US PRESIDENT Donald Trump shakes hands with Prime Minister Benjamin Netanyahu as they pose in the Rose Garden at the White House this week.
(photo credit: REUTERS/LEAH MILLIS)
Since the announcement by Prime Minister Benjamin Netanyahu about the settlement "Trump City" that will be built on the Golan Heights, which will be named in honor of US President Donald Trump, the phone at the Golan Regional Council hasn't stopped ringing.
In fact, the council had to add phones lines at the information center due to the public interest and inquiries.
Despite the hype, construction hasn't actually started; neither has a formal name been decided upon.
The community to be established in the picturesque northern Golan Heights, is expected to accommodate some 97 families, but will probably expand beyond this.
"We have already received close to 100 requests, including Jews from Canada and the United States who say they want to make aliyah and live in 'Trump City,'" Golan Regional Council head Haim Rokach said. "The increased interest to live here is throughout the Golan and not only in 'Trump City.' Some of the interested people have been referred to other communities."Israel Hayom
, revealed the demographics of the first group of residents of "Trump city;" 24 families, aged 21-42. At the end of April, when touring the proposed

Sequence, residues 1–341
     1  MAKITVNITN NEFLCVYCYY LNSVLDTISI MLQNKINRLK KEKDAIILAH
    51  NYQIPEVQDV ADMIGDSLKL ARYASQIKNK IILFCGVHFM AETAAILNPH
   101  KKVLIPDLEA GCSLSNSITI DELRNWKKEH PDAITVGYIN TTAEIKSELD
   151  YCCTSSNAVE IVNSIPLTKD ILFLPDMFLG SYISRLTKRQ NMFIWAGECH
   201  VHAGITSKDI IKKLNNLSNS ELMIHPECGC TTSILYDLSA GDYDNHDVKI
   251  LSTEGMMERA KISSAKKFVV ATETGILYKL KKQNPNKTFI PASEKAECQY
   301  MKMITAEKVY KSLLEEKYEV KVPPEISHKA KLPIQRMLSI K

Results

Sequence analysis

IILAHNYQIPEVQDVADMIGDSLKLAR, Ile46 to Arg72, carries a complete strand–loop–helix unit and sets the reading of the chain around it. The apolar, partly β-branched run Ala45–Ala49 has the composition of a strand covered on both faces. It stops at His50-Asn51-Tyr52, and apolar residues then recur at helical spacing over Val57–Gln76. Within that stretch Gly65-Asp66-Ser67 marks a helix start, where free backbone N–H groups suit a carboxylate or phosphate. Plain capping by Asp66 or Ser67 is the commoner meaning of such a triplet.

area, Netanyahu said that a community or neighborhood on the Golan Heights should be named after Trump in appreciation for his decision to recognize Israeli sovereignty over the strategic plateau.
“I am here with my family and many citizens of Israel at the foot of the Golan Heights, happy with the joy of the holiday and our beautiful country,” Netanyahu said in a video post. “And there is more joy - a few weeks ago I brought President Trump’s official recognition of Israeli sovereignty over the Golan Heights forever.”
There are currently 33 towns and villages in the Golan, with the last one – Nimrod – established in 1999. Of the 33 communities, all but four were established by Labor governments from 1967, when Israel took control over the area, until 1977, when Likud first came to power.
According to CBS figures, there were 50,000 residents in the Golan in 2017, of which some 23,000 were Jews and 27,000 were non-Jews.
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